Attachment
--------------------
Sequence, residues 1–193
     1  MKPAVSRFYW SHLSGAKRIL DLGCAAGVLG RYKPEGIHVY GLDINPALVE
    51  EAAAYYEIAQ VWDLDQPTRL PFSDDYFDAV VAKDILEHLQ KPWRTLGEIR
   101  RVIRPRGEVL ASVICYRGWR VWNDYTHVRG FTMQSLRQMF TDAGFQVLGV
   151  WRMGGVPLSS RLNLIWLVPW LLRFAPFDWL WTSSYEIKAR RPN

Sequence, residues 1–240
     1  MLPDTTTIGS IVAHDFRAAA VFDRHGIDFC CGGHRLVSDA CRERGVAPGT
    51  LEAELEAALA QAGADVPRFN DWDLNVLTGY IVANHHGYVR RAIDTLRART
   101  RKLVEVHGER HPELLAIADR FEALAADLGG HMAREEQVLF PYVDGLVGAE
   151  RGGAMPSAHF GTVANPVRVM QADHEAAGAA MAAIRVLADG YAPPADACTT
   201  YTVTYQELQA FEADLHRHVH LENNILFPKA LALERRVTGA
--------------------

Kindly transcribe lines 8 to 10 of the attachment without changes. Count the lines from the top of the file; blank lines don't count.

    51  LEAELEAALA QAGADVPRFN DWDLNVLTGY IVANHHGYVR RAIDTLRART
   101  RKLVEVHGER HPELLAIADR FEALAADLGG HMAREEQVLF PYVDGLVGAE
   151  RGGAMPSAHF GTVANPVRVM QADHEAAGAA MAAIRVLADG YAPPADACTT